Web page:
[photopress:air_airplane_1.jpg,full,alignright]In China aviation there is an odd paradox. While all over the world air fares are climbing, routes are being cut and services terminated in China the fares to elsewhere are very low. Indeed, as low as they have been for some time. This will not last long.
It is possible, as suggested by Fons Tuinstra of China Herald that these latest price cuts are due to the restrictive visa policies which have hurt inbound travel to China.
At the same time some other airlines flying to other parts of Asia are also hurting. On the golden route London-Bangkok-Sydney the load factor has been a consistent 100% for so long it was thought to be immutable. Wrong. Flights now have spare seats. On a BA flight to Bangkok last week the writer had three seats to himself. And that has not happened for many years.
And despite the low prices being quoted on long flights at the moment the affects of the price of oil in there if you care to look for them.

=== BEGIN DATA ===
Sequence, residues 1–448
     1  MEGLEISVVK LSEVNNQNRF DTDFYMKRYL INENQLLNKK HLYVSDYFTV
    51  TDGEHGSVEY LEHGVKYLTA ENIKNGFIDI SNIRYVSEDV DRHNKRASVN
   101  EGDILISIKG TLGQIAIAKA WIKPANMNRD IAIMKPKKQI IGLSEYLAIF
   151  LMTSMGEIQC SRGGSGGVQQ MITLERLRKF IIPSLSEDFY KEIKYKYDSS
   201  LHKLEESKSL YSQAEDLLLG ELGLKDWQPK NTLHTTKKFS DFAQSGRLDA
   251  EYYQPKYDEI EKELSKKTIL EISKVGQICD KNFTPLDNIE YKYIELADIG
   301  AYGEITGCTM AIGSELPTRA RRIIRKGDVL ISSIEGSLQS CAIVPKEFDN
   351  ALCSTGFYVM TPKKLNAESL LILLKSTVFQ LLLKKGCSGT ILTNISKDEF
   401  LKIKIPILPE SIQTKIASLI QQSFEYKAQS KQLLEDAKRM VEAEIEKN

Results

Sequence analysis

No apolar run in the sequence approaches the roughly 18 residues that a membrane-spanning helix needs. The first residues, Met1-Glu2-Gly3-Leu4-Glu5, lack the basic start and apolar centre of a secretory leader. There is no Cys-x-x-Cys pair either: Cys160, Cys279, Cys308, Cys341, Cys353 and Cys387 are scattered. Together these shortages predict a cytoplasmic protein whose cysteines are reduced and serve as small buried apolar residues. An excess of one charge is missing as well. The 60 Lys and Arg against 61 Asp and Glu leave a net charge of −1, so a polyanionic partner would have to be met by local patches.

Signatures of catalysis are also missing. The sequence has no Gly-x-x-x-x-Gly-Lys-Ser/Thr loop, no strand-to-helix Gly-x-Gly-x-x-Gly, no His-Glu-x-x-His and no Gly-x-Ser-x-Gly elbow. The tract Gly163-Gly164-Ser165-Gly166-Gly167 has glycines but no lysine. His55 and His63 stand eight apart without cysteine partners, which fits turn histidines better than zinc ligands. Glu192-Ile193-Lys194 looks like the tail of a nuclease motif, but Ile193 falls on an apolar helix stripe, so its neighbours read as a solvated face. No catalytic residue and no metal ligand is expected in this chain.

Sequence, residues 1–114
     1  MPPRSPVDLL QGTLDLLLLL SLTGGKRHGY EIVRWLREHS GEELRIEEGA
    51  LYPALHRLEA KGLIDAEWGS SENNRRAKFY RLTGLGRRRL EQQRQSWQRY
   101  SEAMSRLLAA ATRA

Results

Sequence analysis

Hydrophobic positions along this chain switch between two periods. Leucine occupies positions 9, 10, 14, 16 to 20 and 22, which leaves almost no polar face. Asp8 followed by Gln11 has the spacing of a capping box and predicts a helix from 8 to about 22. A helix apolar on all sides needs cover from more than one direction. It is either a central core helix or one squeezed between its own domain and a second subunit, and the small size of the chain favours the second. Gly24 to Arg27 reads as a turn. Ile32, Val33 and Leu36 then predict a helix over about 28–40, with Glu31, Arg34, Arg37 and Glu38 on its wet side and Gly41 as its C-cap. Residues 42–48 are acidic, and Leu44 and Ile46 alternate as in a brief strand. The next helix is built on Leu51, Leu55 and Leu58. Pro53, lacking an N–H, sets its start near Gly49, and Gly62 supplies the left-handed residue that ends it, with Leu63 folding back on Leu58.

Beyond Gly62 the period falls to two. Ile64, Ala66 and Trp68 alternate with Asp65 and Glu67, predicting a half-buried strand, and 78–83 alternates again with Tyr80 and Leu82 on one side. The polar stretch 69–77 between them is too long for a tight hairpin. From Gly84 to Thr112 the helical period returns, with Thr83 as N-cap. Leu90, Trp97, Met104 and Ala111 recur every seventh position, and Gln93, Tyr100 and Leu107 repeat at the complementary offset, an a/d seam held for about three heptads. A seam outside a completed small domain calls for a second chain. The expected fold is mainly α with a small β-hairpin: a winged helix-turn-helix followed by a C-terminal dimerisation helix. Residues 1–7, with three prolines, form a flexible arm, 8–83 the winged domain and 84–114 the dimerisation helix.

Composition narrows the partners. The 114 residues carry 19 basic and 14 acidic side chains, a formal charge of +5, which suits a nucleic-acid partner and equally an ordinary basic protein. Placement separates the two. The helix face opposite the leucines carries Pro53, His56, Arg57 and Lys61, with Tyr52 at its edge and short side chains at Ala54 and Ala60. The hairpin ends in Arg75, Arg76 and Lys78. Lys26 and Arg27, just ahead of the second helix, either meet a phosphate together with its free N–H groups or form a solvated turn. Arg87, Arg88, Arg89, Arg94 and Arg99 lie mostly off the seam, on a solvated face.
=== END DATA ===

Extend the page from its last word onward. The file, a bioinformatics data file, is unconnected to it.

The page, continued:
Some Chinese carriers are cutting flight capacities to trim losses. Apart from totally suspending routes from Guangzhou to Ho Chi Minh City, Hanoi, Angkor, and Phuket, China Southern is also reducing capacity on its flights to 11 international destinations, including Los Angeles, Paris, Sydney and Singapore.
Loss-making Shanghai carrier China Eastern is set to follow suit.
Hong Kong International Airport is worried that direct travel links between the mainland and Taiwan could cause it to lose 6% of its traffic and about HK$3 billion in travel revenue each year. Perhaps more if Chinese airlines decide to trim their flights.
There will be much, much more of this before the party is over.